ATTN: is an issues-driven media company. Our mission is to deliver engaging content to a mobile-first audience. Every day we produce videos, articles, and commentary telling stories worth your attention. ATTN: believes in informing people to make a social impact. Through compelling, issue-driven content, we strive to engender greater participation in communities, the political process and the world around us. Our audience is hungry for substance delivered in an interesting way: videos, graphics, original animation and yes, good writing, too. ATTN: is starting conversations around issues that matter and meeting our audience where they live: on phone, screens and on social media.
ATTN: is an issues-driven news company, creating engaging and compelling content around social justice, politics, and the economy. Every story we tell starts with an important public policy or social issue, and we use both video and written content to tell those stories. Most of our content is evergreen, but when there are stories in the news cycle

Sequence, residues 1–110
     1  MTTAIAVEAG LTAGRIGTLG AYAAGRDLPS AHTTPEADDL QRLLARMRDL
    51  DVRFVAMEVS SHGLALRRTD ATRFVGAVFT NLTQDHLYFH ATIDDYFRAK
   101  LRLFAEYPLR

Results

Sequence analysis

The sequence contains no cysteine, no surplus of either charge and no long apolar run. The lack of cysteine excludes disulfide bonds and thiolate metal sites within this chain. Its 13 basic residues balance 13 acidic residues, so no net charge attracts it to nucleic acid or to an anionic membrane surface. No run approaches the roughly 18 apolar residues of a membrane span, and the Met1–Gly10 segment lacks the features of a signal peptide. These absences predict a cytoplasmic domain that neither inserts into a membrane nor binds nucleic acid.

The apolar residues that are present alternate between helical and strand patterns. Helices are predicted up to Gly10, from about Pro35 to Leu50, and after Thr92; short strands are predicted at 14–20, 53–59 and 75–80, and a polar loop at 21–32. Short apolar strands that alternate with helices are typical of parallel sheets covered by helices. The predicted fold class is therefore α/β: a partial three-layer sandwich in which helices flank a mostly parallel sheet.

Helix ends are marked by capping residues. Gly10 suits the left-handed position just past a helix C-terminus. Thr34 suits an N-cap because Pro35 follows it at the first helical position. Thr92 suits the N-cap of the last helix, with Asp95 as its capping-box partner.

Our editorial team is broken into two departments — written editorial and video. Our writing team is staffed with journalists whose goal is to produce stories covering content that directly impacts the lives our audience. Our original reporting is focused on providing greater context into issues that our audience is seeing on their social media feeds and in traditional media. Often, we'll use an ongoing debate or timely news story as a window into the larger issue facing our audience.
The video team has the same mission. They produce videos, optimized for a mobile audience, using formats that provide a unique window into a substantive topic. Our America Vs: series, for instance, looks at countries who are doing a good job in some public policy area where the U.S. is failing. We've also interviewed important policy makers and influencers, but rather than run one full-length interview, we distribute them in digestible cut-downs.
We feel like this strategy is an optimal one, especially in an era where consumers have grown tired of traditional news formats.